Benglimer and Chaosmancer: Haldrik isn't a troll. He's got his own predispositions and wealth of knowledge and interests in this game as anyone else. I've seen the wealth of interesting posts he's made here over the years; besides, Haldrik has as much a right as any one of us to contribute to the development of the DDN game.
Now, personally, Haldrik, I disagree with you. That passage from Chromatic Dragons distinctly talks about elemental power – but it's framed by the Dragon. The reason it doesn't mention Arcane or Divine or whatnot specifically is because at that time, (A) Arcane hadn't been defined clearly in 4e, and (B) Dragons occupy an odd space in the D&D mythos. These are creatures that often can cast arcane spells, use elemental breath weapons coming from a heart of elemental power, and yet were created by the Divine Io/Tiamat/Bahamut. In earlier editions, where there wasn't so much a split between Divine and Elemental (the war between the Gods and the Primordials being a distinctly 4e flavor that is awesome, but brings about some of its own issues), Tiamat was able to be both a Demon Prince and and a God. So was Lolth, for that matter - the Demon Queen of Spiders. But come 4e, magic is suddenly categorised into whether it comes from Primal Spirits, Elemental and Demon Princes, Dark Lords of the Shadowfell, Divine Beings, from a supreme balancing of mind, body, and spirit, or from Archfey and knowing how to manipulate the cosmic forces in their entirety.
That last part was Arcane. And that was the flavor they decided on and that was evident in both Heroes of Shadow and Heroes of the Elemental Chaos. Arcane is necessary as a framing device to hold together the slipping away Shadow Power or the raw, unbridled chaos of Elemental Power. Unless you are an Elemental entity yourself, you need to frame that Elemental energy through Divine, Primal, Psionic, or most likely Arcane magic. Dragons are the framing device themselves; their bodies beating and working to control the elemental furnaces that are their hearts.
Now lets go back to the Sorcerer. Sorcerers as defined in D&D (and I know it doesn't fit your definition of Sorcerer, but bear with me, since that's something you can't really change now that they've branded the Sorcerer). They are defined as innate casters, drawing their power from either bloodlines (a la 3.5e) or chaos in some form (a la 4e). In the Keynote address, it was suggested that the chaos events – born under an auspicious sign, faerie ancestry, draconic ancestry, someone meddled with you during your birth, and created what you are – these are all elements that evoke an interesting story. They also fit the idea of Arcane magic as manipulation of the cosmic mystical forces of the world. It's just that the Sorcerer him or herself wasn't the manipulator (much like the Warlock isn't the manipulator, his or her Patron is) – the bloodline creator is.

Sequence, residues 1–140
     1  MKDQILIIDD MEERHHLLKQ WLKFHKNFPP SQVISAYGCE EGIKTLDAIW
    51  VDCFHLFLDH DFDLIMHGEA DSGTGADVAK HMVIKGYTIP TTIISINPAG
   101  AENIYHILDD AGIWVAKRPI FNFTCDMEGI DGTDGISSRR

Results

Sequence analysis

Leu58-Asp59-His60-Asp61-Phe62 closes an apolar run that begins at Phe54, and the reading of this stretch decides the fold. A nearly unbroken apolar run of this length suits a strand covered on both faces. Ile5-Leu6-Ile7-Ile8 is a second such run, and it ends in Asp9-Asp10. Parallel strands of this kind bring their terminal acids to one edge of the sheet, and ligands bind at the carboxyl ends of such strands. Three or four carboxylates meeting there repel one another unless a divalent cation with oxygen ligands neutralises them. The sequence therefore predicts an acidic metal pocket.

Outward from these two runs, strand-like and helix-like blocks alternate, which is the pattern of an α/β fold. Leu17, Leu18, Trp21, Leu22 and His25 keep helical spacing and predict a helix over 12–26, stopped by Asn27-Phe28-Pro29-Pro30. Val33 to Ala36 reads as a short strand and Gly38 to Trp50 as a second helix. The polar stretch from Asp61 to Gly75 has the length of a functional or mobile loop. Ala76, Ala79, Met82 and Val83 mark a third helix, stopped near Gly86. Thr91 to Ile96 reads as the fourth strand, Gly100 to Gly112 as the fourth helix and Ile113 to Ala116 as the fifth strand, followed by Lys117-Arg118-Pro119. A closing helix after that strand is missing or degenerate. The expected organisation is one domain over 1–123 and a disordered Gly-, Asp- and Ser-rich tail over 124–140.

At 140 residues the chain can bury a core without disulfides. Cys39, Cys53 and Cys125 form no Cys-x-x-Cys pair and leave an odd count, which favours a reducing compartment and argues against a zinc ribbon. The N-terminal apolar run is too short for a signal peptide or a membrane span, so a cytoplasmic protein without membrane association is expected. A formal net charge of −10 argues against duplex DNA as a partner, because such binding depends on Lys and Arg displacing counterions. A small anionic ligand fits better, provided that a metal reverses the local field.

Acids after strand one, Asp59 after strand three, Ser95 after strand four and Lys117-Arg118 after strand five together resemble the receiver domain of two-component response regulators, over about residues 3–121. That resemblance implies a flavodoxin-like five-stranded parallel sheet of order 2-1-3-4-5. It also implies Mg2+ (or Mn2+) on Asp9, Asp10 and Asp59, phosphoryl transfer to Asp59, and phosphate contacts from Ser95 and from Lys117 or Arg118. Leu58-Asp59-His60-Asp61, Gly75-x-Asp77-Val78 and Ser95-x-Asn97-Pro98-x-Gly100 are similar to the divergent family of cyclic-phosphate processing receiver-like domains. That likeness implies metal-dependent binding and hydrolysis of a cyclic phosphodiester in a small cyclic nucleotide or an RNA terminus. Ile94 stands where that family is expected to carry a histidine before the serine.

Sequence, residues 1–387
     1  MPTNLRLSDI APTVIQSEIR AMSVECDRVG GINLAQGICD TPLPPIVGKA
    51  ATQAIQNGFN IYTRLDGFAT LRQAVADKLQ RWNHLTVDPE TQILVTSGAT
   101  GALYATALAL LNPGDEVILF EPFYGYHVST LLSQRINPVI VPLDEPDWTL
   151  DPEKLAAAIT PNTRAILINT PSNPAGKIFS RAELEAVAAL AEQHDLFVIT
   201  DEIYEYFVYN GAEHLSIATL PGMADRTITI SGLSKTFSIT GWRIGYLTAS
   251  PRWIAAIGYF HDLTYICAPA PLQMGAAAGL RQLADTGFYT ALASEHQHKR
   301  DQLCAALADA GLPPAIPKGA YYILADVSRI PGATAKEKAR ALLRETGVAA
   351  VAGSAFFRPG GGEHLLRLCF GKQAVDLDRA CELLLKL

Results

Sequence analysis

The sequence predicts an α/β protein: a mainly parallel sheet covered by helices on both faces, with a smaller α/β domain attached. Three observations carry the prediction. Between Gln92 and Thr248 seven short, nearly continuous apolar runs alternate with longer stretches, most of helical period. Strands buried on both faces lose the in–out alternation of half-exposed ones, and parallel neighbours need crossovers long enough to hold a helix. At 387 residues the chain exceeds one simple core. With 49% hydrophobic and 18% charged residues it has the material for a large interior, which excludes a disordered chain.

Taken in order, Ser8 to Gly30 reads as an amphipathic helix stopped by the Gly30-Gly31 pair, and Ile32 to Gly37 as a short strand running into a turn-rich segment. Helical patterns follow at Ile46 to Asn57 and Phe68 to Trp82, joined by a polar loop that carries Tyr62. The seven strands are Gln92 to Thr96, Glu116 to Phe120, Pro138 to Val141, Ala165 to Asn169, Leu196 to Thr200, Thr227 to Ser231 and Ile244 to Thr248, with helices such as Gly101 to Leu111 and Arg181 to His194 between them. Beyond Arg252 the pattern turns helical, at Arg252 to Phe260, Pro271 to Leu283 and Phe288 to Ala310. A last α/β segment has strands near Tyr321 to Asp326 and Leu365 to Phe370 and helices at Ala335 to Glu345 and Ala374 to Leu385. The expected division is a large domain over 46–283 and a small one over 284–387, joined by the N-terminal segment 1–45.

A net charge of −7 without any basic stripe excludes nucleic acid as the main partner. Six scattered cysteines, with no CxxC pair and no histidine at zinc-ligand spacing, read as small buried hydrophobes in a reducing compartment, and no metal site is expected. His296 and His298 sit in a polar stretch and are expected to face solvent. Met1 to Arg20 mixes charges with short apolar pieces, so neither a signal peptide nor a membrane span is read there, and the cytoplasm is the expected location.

Now I am going to say it straight out: You will not be happy, Haldrik, with Sorcerers being innate, unless you can learn to be okay with overlapping flavor. OR, unless we see the entirety of Psionic subsumed by Arcane (something I see as possible, but improbable because of important flavor differences between the two in Dark Sun).
However, you can and SHOULD reflavor the Sorcerer as a psionic character. I would argue that Psionic, Arcane, Divine, Primal, you name it – Magic is all Magic, and this it's all the same power source. YES, dividing power sources allowed for flavoring different classes (getting at more animistic/shamanic flavor rather than having to "make do" with Nature Clerics or Wizards for Shamans), but at the same time, has brought up the very awkward situations you have complained about – since essentially, telling someone their gods are really primal spirits or elemental entities is silly; they still worship them. Arcane magic is really derivative of worship mysteries from Persian Zoroastrianism (Magus referred to their equivalent of Druids and Brahmins. Psionic shares huge overlaps with Arcane and Divine schools, as well as with Martial as of 4e – in fact, I would argue that the arbitrary split between Psionic and Martial in 4e was extremely stupid; Psionic represented "martial artists" as Monks, Battleminds, and Ardents, and their sage-like masters as Psions. Other people see Psionic though as more pseudoscientific detectives and intrigue stuff a la Eberron, or in Psionic magic schools a la Dark Sun, where it really acts more like Arcane or Divine power. Others see it as if spirits have overtaken the mind, and in fact, Goliaths are said in 4e to believe someone with Psionic powers are possessed by the primal spirits. I would argue that Power Sources in 4e thus only served as a categorisation by the classes' flavor in the world, and the Power was really all the same thing, just understood in different ways. Heroes of the Elemental Chaos would suggest that that is the case – that at the root of things, all magic is Elemental and is just shape in different ways.